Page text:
Gertie and Carl hired Rolanda Emerson to help run the stores. "She would say that you have to love making candy. If you hate it or are in a bad mood, it shows. It sounds corny, but it's true," says Nick. When she retired, Margo's and Nola's families moved to Washington to take over in the fall of 2003. Since then, they've opened a third location in Madison Park and a family friend opened a shop in Peachtree City, a suburb of Atlanta. "My grandfather kept it small to keep up the quality. He knew what his limitations were at that point in his life. Since we have the whole family in the business now, we can do more with it although we still do everything in five pound batches," says Nick.

Photo above: Nick, Christian Masaoka and cousin Conner Wise, grandsons of Carl and Gertie

They've found that working in a chocolate shop is almost like being bartenders. "People talk about the most interesting things," says Nick. "When we opened in Madison Park, my brother Chris came up with the idea of adding a marble bar where people can come in, hang out and talk." Each shop is meant to feel like a home. "Madison Park looks like my mom's house," says Margo. "We want the shops to be a tiny oasis where people can relax."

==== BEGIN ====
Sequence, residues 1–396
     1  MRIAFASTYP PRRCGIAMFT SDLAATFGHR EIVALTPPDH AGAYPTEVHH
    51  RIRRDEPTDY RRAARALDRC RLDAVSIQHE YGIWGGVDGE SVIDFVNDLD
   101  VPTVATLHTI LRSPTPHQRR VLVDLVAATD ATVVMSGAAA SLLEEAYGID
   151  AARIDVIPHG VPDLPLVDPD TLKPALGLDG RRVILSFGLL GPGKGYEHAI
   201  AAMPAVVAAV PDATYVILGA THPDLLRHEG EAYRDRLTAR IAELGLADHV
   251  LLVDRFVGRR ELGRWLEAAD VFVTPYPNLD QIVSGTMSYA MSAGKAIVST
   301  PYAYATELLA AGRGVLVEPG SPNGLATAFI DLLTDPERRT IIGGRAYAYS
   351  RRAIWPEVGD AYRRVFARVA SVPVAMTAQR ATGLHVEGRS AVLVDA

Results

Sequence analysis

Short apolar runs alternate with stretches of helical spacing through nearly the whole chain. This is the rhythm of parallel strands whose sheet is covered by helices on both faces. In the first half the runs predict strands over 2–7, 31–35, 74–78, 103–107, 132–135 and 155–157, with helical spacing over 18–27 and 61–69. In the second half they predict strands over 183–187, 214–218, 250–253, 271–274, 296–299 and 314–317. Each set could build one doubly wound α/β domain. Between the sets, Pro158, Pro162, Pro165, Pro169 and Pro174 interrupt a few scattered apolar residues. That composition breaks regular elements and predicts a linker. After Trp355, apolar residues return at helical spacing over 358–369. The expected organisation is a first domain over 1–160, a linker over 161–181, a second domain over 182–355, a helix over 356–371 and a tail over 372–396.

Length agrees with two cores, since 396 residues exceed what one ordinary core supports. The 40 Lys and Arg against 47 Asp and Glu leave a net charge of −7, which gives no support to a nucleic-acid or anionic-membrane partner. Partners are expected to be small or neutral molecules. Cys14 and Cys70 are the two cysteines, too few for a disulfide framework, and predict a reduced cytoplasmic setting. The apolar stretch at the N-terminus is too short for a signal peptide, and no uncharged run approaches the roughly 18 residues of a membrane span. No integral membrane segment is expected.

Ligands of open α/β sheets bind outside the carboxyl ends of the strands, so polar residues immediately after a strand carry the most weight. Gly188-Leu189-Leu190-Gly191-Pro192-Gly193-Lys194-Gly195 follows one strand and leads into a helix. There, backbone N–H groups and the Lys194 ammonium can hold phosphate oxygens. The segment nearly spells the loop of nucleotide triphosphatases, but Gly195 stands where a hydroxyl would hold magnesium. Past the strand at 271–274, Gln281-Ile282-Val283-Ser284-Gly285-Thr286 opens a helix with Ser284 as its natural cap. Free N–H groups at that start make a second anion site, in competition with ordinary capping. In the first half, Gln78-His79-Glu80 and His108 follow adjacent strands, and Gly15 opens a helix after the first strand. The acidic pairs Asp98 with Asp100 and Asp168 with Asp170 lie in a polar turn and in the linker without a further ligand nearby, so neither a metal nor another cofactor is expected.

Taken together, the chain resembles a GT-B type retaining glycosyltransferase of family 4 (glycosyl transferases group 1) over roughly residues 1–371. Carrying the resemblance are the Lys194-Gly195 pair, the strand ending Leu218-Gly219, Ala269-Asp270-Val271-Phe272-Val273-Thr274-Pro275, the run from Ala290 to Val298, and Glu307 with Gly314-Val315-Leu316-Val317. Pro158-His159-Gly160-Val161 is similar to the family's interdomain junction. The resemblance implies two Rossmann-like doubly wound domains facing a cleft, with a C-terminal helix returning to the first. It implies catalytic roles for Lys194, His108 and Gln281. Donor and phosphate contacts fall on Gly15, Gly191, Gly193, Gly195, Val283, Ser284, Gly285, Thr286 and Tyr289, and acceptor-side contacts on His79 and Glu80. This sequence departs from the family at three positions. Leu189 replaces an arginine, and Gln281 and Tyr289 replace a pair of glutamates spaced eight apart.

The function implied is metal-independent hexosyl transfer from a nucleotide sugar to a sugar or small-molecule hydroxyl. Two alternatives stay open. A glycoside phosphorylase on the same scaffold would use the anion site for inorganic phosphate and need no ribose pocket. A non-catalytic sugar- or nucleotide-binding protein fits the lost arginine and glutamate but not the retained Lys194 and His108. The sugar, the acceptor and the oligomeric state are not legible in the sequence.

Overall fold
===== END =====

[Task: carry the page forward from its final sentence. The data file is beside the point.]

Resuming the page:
A lot of research went into the drinking chocolate. "I remember going to Angelina's in Paris as a child," recalls Margo. "It was a wonderful experience to sit and drink that thick, rich chocolate served with whipped cream." They came up with numerous variations and had their Bellevue customers blind taste test before settling on what they now serve. "Our family doesn't pull any punches when it comes to critiquing food," laughs Nick. "I can remember making cookies and my mom saying it was a good effort." Margo shakes her head. "I wasn't that bad."

Nick is the creative force behind the flavors. "It's good to get feedback," he says. "If no one tells you the truth, you don't end up with the best product." Oh! Chocolate offers so many different flavors that you could taste one every day for three months without repeating. "Sometimes we have to pull a flavor because we don't have enough case space," says Nick. They also do seasonal items like a pink champagne truffle for Valentine's and a Guinness truffle for St. Patrick's. "We make candy like you'd make at home. We make it in small batches using the freshest ingredients and try new flavors all the time. The family joke is to taste and say, wow, we really do make good candy!" says Margo.

They enjoy helping people with their entertaining and dinner parties. "Ask any staff member behind the counter and they'll be glad to help you," says Nick. "I love pairing things. Chocolate enhances wine, but I find that when you pair beer and chocolate, both are enhanced."

"You can satisfy your sweet tooth with a spoonful of honey," says Nick. "But isn't it better with a pinot noir truffle with pink peppercorns?" That and a little laughter are a mighty potent combination.

Connie Adams/March 2008